Sure, it originated with my practice of creating a small piece of music every day, a loop of some kind usually. It was something I kept up for over three years. I have been interested in sound collage and musique concrete stuff for quite a long time, and had recently gotten very into the GRM stuff from Pierre Schaeffer and that whole crew, and also the plunderphonics stuff from John Oswald and Negativland, so I wanted to assemble my album in a way that was similar to all that. But the material I had accumulated, a lot of it was informed by modern rap and R&B, so I decided to make full songs out of some of my loops, and make lyrics and sing and everything. It’s the first time I’ve done lyrics or singing on a project since my high school band, Muzzle. My friends Andrew and Gretchen run Full Spectrum and they asked me if I wanted to release it with them. Of course I was excited to, but I was also surprised because it’ll definitely be the most pop thing they’ve done thus far, and also the first with rapping – I am super honored to have songs on there with Intricate Dialect, Kadence and Tenacity, three of my Abolitionists homies, so it kinda brings things full circle in a way.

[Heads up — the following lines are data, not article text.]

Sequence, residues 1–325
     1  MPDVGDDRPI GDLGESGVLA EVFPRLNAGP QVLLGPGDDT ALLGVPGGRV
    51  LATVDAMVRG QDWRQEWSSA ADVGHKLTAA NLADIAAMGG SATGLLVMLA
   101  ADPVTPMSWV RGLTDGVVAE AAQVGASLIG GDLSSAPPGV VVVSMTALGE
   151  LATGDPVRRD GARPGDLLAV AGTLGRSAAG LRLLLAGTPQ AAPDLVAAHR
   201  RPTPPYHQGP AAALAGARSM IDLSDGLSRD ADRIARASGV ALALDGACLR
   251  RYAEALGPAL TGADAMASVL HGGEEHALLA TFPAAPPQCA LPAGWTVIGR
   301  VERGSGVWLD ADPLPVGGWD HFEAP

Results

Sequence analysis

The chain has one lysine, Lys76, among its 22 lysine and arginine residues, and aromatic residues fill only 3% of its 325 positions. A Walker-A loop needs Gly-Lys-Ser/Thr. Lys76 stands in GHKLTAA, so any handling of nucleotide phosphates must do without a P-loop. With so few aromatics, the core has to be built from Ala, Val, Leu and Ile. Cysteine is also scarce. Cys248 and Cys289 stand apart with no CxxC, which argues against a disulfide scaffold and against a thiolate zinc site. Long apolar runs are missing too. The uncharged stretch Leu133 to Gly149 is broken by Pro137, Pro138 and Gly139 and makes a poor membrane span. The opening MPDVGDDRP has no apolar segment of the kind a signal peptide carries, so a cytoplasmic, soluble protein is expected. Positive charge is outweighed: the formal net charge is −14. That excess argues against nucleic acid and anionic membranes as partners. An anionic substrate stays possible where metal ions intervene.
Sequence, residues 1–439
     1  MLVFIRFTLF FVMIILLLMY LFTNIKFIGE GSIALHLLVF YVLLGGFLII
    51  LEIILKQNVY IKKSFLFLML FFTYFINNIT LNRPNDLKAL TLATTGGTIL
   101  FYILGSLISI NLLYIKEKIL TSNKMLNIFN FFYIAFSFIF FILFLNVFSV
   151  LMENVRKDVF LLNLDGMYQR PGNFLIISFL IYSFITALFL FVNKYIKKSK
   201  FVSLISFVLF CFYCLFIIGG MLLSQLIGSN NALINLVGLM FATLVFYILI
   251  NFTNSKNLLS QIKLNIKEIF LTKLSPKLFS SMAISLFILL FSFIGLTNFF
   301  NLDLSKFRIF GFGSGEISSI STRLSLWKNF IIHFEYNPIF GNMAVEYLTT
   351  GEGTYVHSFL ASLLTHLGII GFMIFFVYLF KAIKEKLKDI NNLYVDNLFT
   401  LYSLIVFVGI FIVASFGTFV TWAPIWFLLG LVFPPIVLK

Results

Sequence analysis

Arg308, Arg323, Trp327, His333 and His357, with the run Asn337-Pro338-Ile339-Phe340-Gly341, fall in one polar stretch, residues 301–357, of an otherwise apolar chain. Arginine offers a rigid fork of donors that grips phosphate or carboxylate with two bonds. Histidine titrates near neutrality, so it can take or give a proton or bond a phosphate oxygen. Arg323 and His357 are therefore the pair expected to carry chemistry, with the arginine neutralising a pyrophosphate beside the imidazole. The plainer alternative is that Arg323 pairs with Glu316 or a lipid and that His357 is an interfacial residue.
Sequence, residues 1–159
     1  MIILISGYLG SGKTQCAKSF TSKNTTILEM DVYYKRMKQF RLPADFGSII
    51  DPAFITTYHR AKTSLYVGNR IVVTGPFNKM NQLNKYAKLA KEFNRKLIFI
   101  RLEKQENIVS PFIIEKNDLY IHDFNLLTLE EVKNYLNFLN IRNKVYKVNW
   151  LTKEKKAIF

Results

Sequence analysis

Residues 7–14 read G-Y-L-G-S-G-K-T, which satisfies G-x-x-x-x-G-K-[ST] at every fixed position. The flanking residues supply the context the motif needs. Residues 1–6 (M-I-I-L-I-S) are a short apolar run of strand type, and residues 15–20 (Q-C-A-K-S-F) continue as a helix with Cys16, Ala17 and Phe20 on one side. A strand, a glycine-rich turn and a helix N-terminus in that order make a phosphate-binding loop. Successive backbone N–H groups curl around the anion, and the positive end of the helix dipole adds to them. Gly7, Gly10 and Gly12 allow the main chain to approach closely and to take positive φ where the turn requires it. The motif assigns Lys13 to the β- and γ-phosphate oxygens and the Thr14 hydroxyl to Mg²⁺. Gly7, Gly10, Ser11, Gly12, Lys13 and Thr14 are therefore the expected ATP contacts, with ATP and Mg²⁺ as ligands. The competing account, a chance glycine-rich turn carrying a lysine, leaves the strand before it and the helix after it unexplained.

7. What is your favorite format of releasing music? Digital? Cassette? Cd? Other?
Digital. It’s the only form of music I consume because it’s so convenient I don’t like to accumulate a lot of stuff. So I just don’t really care that much about other formats, to be honest.

8. What is best and worst haircut you’ve ever had?
A good hair person is crucial. I find I end up having to put a lot of trust in the people who are cutting my hair, so when I find someone I like I am incredibly loyal. I’ve got a guy now who’s just fantastic, maybe the best I’ve ever had – for anyone reading this in the LA area his name is Trevor, he’s at the Floyd’s on Melrose.

9. What are your future plans for Sun Hammer?